Identification of potential protein-coding ORFs

In the fourth step, we addressed how many potential protein-coding ORFs (pORFs) are within each RNAP-guided transcript segment by using a high-throughput proteomics approach for identifying peptides at a genome-scale. This approach was based on liquid chromatography coupled to Fourier transform ion cyclotron resonance mass spectrometry (LC-FTICR-MS) and accurate mass and time tag (AMT tag)24. The proteomics analysis yielded a total of 54,549 peptides based on a stop-to-stop database of the E. coli genome (Supplementary Table 6, see Online Methods).

To predict pORFs from proteomics data without relying on current annotation, we mapped the genomic locations of peptides onto a maximally extendable ORF scaffold (i.e., stop codon to most distant start codon) built from all six possible translational frames (Supplementary Table 7). This analysis yielded 2,542 pORFs (FDR < 2%) (Fig. 2e, Supplementary Table 8, Supplementary Fig. 6, see Online Methods). Among those, 2,525 pORFs (~ 99%) were mapped to currently annotated ORFs (~ 59% coverage) (Supplementary Table 8). Interestingly, > 99% of translation stop positions were exactly matched to currently annotated ORFs, however, only 64% of translation start positions were matched.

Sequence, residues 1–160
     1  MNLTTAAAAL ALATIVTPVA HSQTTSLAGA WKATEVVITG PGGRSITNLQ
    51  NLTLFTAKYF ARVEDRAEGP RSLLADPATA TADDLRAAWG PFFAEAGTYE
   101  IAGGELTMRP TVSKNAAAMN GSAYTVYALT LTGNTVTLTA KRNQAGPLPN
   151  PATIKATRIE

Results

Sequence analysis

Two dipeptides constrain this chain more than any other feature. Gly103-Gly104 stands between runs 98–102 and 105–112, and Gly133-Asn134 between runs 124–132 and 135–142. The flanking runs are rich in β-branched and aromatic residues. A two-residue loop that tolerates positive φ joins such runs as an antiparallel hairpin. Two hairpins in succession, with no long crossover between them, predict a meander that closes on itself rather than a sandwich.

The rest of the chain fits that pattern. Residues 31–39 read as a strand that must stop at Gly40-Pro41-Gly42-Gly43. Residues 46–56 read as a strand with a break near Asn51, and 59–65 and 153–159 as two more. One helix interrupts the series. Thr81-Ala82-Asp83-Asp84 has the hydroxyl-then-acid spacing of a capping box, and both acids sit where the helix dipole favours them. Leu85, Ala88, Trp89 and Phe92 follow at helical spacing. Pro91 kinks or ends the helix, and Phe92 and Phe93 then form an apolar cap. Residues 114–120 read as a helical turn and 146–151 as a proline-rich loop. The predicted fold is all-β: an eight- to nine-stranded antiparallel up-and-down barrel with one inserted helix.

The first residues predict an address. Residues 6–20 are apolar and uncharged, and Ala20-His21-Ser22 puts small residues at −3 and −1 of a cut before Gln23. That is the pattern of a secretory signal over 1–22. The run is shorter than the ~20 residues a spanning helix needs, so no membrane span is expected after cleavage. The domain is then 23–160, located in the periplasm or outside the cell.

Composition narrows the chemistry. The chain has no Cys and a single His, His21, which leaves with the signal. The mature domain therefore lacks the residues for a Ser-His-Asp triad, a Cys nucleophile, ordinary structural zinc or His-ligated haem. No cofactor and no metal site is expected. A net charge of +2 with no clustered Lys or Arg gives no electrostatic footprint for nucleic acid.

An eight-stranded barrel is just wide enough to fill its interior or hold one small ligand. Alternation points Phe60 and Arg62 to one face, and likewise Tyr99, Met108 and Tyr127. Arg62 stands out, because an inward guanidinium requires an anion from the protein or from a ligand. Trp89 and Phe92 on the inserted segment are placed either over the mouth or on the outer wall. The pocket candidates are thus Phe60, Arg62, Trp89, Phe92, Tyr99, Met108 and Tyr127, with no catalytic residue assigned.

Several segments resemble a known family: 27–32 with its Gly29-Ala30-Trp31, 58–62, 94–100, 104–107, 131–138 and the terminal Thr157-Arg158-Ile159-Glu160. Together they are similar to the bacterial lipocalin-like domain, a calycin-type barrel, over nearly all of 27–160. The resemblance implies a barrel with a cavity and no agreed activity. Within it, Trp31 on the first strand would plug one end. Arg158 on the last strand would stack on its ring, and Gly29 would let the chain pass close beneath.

To examine the accuracy of translation start and stop positions, pORFs were compared with a total of 888 ORFs whose translational boundaries have been validated25. Out of 2,525 pORFs, 803 were mapped to validated ORFs. All the translation stop position of these 803 pORFs matched the validated ones exactly. However, only 499 pORFs (accuracy = ~62%) showed identical translation start positions (Supplementary Table 9). By considering translation start codons that were closest to the observed peptide(s) within pORFs, the increase of accuracy that matched validated ORFs was negligible (507 pORFs). pORFs with non-matching translation start positions (296 pORFs) exhibited poor peptide coverage (Supplementary Fig. 7). Overall, the proteogenomic mapping approach allows for the genome-scale determination of ORFs26, however, due to a limitation in peptide coverage, additional methods, e.g., proteomics with N-terminal modification27, have to be applied to obtain a more comprehensive and accurate ORF map.